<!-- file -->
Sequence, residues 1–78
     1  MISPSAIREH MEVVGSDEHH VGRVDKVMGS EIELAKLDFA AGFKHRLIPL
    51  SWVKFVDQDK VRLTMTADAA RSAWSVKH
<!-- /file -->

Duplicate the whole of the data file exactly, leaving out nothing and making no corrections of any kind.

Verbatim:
Sequence, residues 1–78
     1  MISPSAIREH MEVVGSDEHH VGRVDKVMGS EIELAKLDFA AGFKHRLIPL
    51  SWVKFVDQDK VRLTMTADAA RSAWSVKH